The court’s en banc ruling was issued on April 9, 2021 in an appeal brought by Florida prisoner Conraad L. Hoever. He filed a civil rights action that alleged in 2013 guards at Franklin Correctional Institution subjected him to harassment and threats of physical violence in retaliation for filing grievances about his mistreatment. Acting pro se, Hoever defended attempts to have the case dismissed and presented his First Amendment claim to the jury.
Witnesses testified to the threats made by guards who stated, “If you keep writing grievances, I promise you that the next 11 years is [sic] going to be a heartache for you…. We’ve been killing inmates here for a long time and nobody can do a damn thing to us.” Hoever was also threatened with being placed in confinement and starved to death. Which is not an idle threat as PLN has previously reported on Florida prisoners being beaten, burned and starved to death with impunity by staff.
The jury returned a verdict finding that Hoever’s First Amendment rights were violated seven times. It awarded him one dollar in nominal damages. That was the only relief permitted, for the district court followed the holdings in Harris v. Garner (Harris II), 216 F.3d 970 (11th Cir. 2000)(en banc) and Al-Amin v. Smith, 637 F.3d 1192 (11th Cir. 2011). Those precedents held that section 1997e(e) bars punitive damages absent a showing of physical injury.
Following the jury verdict, Hoever appealed, challenging the dismissal of his claim for punitive damages. The Eleventh Circuit granted en banc review. Amicus briefs were filed by the Human Rights Defense Center, as well as American Civil Liberties Union, Americans for Prosperity Foundation, Cato Institute, The Center for Access to Justice, Florida Justice Institute, and Southern Center for Human Rights. HRDC was ably represented by the Davis Wright Tremaine law firm in Seattle.
The majority began their analysis by examining the text of section 1997e(e). In sum, that section of the Prison Litigation Reform Act provides that a prisoner may not bring a civil action “for mental or emotional injury suffered while in custody without a prior showing of physical injury or the commission of a sexual act.”
When “[a]ccounting for the full phrase,” the court majority concluded that “§ 1997e(e) bars only requests for compensatory damages stemming from purely mental or emotional harm.” A proper understanding is that “§ 1997e(e) does not bar punitive damages in the absence of physical injury.”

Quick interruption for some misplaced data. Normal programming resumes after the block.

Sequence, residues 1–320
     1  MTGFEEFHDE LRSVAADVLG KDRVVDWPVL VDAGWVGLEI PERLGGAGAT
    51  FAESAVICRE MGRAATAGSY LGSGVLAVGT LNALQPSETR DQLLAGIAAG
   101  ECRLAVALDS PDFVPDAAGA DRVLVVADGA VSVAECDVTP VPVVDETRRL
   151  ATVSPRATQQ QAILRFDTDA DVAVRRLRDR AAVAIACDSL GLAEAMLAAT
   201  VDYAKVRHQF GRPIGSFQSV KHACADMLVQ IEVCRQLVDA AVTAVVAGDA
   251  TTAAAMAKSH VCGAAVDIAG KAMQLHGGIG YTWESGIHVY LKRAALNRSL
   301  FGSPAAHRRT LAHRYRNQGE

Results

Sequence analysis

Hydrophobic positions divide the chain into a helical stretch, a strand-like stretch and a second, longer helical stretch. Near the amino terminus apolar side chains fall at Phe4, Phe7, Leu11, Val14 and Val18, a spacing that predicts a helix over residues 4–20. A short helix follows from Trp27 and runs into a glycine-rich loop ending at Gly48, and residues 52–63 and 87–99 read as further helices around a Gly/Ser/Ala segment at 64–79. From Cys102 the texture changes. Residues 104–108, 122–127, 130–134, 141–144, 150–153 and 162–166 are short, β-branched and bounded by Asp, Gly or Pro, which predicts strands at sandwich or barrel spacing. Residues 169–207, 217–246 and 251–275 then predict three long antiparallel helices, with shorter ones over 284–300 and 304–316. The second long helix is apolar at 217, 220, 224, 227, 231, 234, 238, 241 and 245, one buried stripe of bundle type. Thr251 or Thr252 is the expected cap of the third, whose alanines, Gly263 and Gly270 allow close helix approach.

The court distinguished the difference between compensatory and punitive damages. Compensatory damages provide redress to correct an injury. Punitive damages do not compensate plaintiffs for injuries suffered; they are imposed on a defendant for deterrence and punishment for egregious misconduct.
Precedent from the Supreme Court about nominal damages supports the reasoning that punitive damages do not require the showing of a compensable injury. For violation of constitutional rights is “actionable for nominal damages without proof of actual injury.” Carey v. Piphus, 435 U.S. 247, 266 (1978).
The majority said that on remand Hoever “should be given the opportunity to obtain punitive damages” along with the award of “nominal damages.”
The court acknowledged its precedent on this issue was incorrect. That “precedent foreclosed an important remedy intended to punish and deter an intentional violation of the rights of prisoners.” Overturning that precedent and adopting the new understanding aligns the Eleventh Circuit with the First, Second, Third, Fifth, Eighth, and Ninth Circuit Courts of Appeals in holding that “§ 1997e(e) permits claims for punitive damages without a physical injury requirement.” See: Hoever v. Marks, 993 F.3d 1353 (11th Cir. 2021)(en banc).
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Related legal case
Hoever v. Marks
|Cite||993 F.3d 1353 (11th Cir. 2021)(en banc)|
|Level||Court of Appeals|
|Appeals Court Edition||F.3d|